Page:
Another beautiful weekend ends, and it will do so this evening with some appreciated precipitation across the region. On Saturday, we saw some thunderstorms pop up in the evening, but they didn't produce too much in the way of rain. The cell over Denver had a few good rumbles of thunder and brought with it a quick tenth or two of moisture before quickly ending. Here are the rainfall totals from the last two days across Colorado:
More rain Sunday afternoon through Monday
Precipitation totals overnight through Monday stand to be a bit more beneficial for a larger area. Models are producing anywhere from 0.2" to 1.5"+ of QPF for the greater Denver area from this afternoon through Monday – depending on where the bullseye of heaviest precipitation sets up. The Canadian has the heaviest rainfall across the city, while the GFS focuses the heavier precipitation south along the Palmer Divide, for example. Pinpointing exactly where the heaviest precipitation will fall will be difficult over the next 24 hours or so – so plan on cooler and unsettled weather, with the potential for some heavier bands of precipitation at times.
The latest hi-res 4km NAM shows these pockets of heavier precipitation we can expect over the next 24 hours or so, the exact location of these will shift, but helps show the potential:
As for snow, we expect the greatest potential will remain above about 6,500 feet so most moisture should fall in the form of rain across the greater Denver area. That said, with enough cooling we could see snow levels drop a bit by early Monday, so don't be surprised if you see snow mixing in, or even a quick slushy inch or two under the heavier bands of precip.
The NAM appears most bullish for snow at this time, and even it isn't all that impressive – generally showing a coating to 3" across the Palmer Divide and extending east/northeast of Denver:
The WPC 50th percentile snowfall forecast (Shows you the 50/50 chance for the indicated snowfall amounts) for the next 72 hours shows the potential for a few inches of snow at higher elevations as well:
Plan on rain and snow showers to develop through Sunday afternoon, and the chance for rain and snow to continue into Monday across much of eastern Colorado. Monday's highs will be 5 to 10° cooler than Sunday's with the wet, unsettled weather lingering. Below is a look at the forecast radar for this afternoon through midnight, note the scattered showers and storms becoming more numerous across northeast Colorado through the evening:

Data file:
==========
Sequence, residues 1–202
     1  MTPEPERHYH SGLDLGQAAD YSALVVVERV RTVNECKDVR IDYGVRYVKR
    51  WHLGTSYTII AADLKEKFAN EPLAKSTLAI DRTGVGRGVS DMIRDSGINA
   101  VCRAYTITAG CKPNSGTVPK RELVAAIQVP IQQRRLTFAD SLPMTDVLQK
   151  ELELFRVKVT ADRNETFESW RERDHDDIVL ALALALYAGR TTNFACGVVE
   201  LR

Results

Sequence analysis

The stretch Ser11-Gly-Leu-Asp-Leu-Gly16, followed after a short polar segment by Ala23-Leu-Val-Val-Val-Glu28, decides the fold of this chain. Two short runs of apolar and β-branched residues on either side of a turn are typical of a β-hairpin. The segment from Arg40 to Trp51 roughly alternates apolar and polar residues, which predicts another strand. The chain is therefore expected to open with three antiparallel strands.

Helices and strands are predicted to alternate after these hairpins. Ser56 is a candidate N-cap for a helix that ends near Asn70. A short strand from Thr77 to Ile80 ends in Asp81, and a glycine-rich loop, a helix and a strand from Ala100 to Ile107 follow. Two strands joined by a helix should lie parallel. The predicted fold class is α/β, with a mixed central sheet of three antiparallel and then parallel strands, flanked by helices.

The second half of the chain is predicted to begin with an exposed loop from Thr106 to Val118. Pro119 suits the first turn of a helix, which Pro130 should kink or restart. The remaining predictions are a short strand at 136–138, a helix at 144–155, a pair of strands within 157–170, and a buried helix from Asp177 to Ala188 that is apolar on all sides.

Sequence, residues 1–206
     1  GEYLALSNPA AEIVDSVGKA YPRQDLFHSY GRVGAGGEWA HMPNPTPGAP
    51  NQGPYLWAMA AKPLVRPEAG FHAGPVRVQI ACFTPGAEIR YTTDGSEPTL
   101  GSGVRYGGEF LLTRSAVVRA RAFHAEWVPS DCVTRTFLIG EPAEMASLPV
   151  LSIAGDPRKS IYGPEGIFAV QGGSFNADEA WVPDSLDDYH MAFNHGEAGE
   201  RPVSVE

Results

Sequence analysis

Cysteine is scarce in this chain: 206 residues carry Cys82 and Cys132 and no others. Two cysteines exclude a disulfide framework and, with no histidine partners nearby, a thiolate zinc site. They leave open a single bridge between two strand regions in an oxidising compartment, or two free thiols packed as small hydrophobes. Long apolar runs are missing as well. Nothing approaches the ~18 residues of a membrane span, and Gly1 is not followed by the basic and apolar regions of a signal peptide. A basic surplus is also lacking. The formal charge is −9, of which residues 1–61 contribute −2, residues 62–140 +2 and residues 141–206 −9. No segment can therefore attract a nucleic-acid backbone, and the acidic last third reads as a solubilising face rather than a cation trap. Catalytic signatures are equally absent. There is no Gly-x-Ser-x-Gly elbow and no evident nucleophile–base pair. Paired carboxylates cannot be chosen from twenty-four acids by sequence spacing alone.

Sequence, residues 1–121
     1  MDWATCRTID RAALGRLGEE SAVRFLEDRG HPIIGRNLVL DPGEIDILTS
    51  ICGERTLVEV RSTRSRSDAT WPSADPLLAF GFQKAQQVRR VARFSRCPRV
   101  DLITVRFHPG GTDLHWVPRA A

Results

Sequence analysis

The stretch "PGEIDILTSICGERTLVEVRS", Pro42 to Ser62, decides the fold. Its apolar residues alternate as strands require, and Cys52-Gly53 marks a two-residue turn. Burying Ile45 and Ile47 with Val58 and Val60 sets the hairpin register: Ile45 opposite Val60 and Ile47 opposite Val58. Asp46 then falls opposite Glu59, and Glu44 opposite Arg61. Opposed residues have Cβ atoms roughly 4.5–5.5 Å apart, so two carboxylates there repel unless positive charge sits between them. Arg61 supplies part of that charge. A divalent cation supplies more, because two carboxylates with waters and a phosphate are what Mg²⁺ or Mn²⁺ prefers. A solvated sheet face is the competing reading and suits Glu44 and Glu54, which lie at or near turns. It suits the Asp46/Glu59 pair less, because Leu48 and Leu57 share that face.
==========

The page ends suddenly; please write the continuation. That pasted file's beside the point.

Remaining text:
The week ahead
By Tuesday, our temperatures will warm a bit once more as the main upper-level feature associated with the rain/snow tonight and Monday moves east. While highs will warm back into the 60s across northeast Colorado, the rain chances won't be completely gone. We may see a few afternoon thunderstorms develop, with pockets of moderate rain as well. Rainfall chances Tuesday will be lower, however, with generally a 20 to 30% chance of storms.
By Wednesday, the ridge reestablishes itself across the region, and with it, much warmer temperatures return as well. Latest MOS guidance has highs in the mid to upper 70s both Wednesday and Thursday across eastern Colorado, with no doubt the chances we see some low 80s in a few spots across the eastern Plains.
It's April, so we know this can't last. The midweek warmth looks to be relatively short-lived as our next upper-level system approaches from the west by late in the week and into next weekend. This next system looks to be packing a lot of water, and maybe even some cold air.
The million dollar question, of course, is what does that mean for our weather. The answer? It's too soon to tell. There's good agreement between global models now that a big trough will roll in from the west, but its track and how much cold air will be associated with it remain in big question. The Canadian and EURO came into decent agreement last night, both showing potential for a significant late-season winter storm across the region, while the GFS has generally been further north with the eventual track of the low. All three models produce some pretty hefty precipitation totals wherever the low ends up tracking.
Below is a look at the current forecasts from the GFS (left) and EURO (right) for the 500mb Low next weekend. As you can see, the center of the low on the EURO is much further south than the GFS, and would equate to a higher-impact event for our area, while the GFS would keep much of the heaviest precipitation north.
To help highlight the uncertainty, here's a look at the precipitation forecast for KAPA (Arapahoe county). The deterministic model is producing more than 5" (cumulative) of precipitation over the next 10 days while the ensemble mean is showing a bit less than half that amount of moisture. Obviously, the former would be a significant event while the latter would be hugely beneficial though more typical for an April storm. Of the 50 ensemble members, all look pretty wet next weekend:
In either case, definitely, one we need to watch. The good news is – it's a very long way out, so we'll have plenty of time to see how things progress over the next several days. For our part, we're hoping for a more southern solution, as we could REALLY use a good April drought-busting storm across southeast Colorado, north Texas, and western Kansas.